Search results

1 – 4 of 4
To view the access options for this content please click here
Article
Publication date: 23 May 2008

Judith Licea de Arenas, Miguel Arenas, Sergio Márquez and Catalina Pérez

The purpose of this paper is to profile the prizewinners of the most prestigious award in Mexico, the National Prize for Sciences and the Arts and the Emeritus…

Abstract

Purpose

The purpose of this paper is to profile the prizewinners of the most prestigious award in Mexico, the National Prize for Sciences and the Arts and the Emeritus Professorship awarded by the National University of Mexico.

Design/methodology/approach

The paper draws upon data retrieved from the Web of Science (1995‐2006).

Findings

The 68 laureates published 1,175 papers and received a total of 13,443 citations. The most productive scientists were in the age group 65‐69, while those over 75 years of age were the least productive as well as the less cited. Most prizewinners have at least 35 years' experience scientists, who have been active as researchers for 30‐39 years, were the most productive and the most cited.

Research limitations/implications

Results presented in this paper could complement other indicators of research performance used to determine the visibility of Mexican science, research institutions and individuals and whether resources and influence should be distributed more equitably. The operationalization of the Matthew effect could be minimized if awards committees were to correlate bibliometrics with the peer review process in order to reward the most creative researchers.

Originality/value

The paper focuses on research performance of Mexican academics.

Details

Library Review, vol. 57 no. 5
Type: Research Article
ISSN: 0024-2535

Keywords

To view the access options for this content please click here
Article
Publication date: 1 March 1988

Judith Licea de Arenas and Blaise Cronin

The use of bibliometric techniques to assess the scientific activity of Third World countries is not new. Cross‐national comparisons using publications and citation counts…

Abstract

The use of bibliometric techniques to assess the scientific activity of Third World countries is not new. Cross‐national comparisons using publications and citation counts may point up relative strengths and weaknesses at the macro level, but there is also a need to evaluate specific fields in particular countries.

Details

Online Review, vol. 12 no. 3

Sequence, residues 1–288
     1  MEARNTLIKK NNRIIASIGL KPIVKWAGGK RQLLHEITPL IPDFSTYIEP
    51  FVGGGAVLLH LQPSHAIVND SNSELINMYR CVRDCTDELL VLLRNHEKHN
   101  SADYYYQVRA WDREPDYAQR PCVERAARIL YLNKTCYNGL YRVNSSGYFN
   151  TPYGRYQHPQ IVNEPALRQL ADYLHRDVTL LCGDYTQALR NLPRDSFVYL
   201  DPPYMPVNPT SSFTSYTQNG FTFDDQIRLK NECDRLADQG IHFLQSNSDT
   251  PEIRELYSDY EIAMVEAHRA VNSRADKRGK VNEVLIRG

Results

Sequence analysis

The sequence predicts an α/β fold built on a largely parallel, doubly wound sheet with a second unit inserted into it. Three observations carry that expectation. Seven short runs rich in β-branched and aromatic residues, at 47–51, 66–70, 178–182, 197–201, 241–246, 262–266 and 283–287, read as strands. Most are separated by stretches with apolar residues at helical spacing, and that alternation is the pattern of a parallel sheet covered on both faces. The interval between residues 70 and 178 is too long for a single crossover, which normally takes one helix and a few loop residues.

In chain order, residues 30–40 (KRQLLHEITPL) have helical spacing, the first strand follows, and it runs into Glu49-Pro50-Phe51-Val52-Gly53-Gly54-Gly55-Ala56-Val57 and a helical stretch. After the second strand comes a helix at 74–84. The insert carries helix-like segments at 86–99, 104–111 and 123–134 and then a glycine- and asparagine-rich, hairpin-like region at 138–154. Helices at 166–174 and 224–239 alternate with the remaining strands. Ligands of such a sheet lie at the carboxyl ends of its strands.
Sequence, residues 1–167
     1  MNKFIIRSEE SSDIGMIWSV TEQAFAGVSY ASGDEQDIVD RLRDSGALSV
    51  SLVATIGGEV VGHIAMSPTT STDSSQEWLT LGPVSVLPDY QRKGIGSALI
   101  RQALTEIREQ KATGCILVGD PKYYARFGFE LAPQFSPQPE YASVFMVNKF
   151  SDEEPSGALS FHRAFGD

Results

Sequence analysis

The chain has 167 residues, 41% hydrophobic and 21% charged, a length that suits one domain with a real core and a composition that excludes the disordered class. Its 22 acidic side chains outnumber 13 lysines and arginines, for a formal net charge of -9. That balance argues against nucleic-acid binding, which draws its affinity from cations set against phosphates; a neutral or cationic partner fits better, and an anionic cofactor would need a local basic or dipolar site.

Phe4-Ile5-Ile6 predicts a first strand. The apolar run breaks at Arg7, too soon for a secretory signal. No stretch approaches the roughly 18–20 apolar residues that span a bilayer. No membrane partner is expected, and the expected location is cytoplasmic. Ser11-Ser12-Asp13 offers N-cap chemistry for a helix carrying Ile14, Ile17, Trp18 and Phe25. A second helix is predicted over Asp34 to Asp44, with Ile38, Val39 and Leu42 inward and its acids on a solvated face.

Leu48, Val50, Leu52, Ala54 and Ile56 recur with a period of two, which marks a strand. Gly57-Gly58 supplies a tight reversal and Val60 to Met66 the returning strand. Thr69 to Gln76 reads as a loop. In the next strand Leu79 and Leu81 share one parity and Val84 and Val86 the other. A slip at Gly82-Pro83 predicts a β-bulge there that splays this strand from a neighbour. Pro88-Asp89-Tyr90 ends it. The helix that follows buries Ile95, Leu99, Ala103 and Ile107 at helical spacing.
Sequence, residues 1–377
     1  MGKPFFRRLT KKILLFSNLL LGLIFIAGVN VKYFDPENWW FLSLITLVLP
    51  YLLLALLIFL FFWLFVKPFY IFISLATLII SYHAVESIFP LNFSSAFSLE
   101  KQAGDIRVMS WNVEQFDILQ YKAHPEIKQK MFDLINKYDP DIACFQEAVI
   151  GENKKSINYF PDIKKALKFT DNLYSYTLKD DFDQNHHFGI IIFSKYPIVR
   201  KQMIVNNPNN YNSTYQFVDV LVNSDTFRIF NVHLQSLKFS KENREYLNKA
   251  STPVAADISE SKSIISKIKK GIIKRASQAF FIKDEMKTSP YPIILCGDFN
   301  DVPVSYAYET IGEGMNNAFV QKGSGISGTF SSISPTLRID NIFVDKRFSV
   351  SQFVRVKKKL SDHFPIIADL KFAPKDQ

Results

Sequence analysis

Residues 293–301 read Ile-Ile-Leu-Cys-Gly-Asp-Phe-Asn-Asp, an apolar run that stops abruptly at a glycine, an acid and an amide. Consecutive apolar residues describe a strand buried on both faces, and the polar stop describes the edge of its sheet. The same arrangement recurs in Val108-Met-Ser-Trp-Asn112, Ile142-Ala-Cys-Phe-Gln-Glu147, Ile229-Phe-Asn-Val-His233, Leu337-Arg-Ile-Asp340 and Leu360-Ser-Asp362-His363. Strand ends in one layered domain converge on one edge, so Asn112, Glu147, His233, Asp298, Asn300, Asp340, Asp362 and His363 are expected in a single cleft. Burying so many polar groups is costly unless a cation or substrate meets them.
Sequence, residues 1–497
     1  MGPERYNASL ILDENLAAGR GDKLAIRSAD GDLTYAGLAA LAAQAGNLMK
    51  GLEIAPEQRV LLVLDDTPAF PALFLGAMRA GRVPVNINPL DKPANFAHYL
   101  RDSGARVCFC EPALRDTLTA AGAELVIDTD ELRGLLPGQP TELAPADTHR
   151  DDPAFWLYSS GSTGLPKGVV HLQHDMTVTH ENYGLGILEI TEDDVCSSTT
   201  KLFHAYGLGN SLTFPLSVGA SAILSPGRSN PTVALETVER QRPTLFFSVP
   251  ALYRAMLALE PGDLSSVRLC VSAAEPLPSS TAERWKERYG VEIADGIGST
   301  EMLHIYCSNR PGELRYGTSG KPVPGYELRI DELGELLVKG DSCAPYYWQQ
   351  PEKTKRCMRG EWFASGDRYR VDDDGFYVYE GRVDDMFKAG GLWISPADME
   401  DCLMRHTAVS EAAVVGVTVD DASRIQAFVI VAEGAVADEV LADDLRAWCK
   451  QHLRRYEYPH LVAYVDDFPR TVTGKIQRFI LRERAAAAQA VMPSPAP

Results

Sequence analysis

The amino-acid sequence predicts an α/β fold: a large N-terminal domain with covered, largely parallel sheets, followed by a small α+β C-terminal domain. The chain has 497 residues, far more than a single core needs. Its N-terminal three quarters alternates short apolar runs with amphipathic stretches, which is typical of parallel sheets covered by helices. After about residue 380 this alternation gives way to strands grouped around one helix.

Type: Research Article
ISSN: 0309-314X

To view the access options for this content please click here
Article
Publication date: 1 December 2004

Judith Licea de Arenas, José Vicente Rodríguez, José Antonio Gómez and Miguel Arenas

A growing concern for universities is developing a new educational model in which the student is educated both for future social responsibilities, and where information…

Abstract

A growing concern for universities is developing a new educational model in which the student is educated both for future social responsibilities, and where information literacy is viewed as a lifelong learning requirement. Thus, there is a pressing need for empirical analyses to identify the extent to which university students are information‐literate. Therefore, an investigation of university students from two institutions in the USA and Europe was carried out in order to determine how they use their libraries, information and computers. It was found that there were similarities and differences between the two groups of students from the University of Murcia, Spain, and the National University of Mexico.

Details

Library Review, vol. 53 no. 9
Type: Research Article
ISSN: 0024-2535

Keywords

To view the access options for this content please click here
Article
Publication date: 1 October 2003

José Antonio Gómez Hernández and Cristóbal Pasadas Ureña

The adoption of the information literacy (IL) agenda in Spain has been comparatively slow and fragmented due to cultural setbacks during the twentieth century. Since the…

Abstract

The adoption of the information literacy (IL) agenda in Spain has been comparatively slow and fragmented due to cultural setbacks during the twentieth century. Since the late 1980s, however, developments in library services and staffing policies, reforms in education, and wide availability of ICTs, among other factors, have led to a brighter picture, with academic and public librarians all over the country engaged in IL activities for all types of users – though school libraries still lag far behind. The main problems still to be addressed seem to be much the same as in most comparable countries: IL as a responsibility for all learning facilitators, social awareness of lifelong learning needs, training of IL trainers, assessing the individual achievements and the institutional outcomes of IL training programmes, and a clear understanding of the remit and rationale for different literacies within the information society.

Details

Library Review, vol. 52 no. 7
Type: Research Article
ISSN: 0024-2535

Keywords

1 – 4 of 4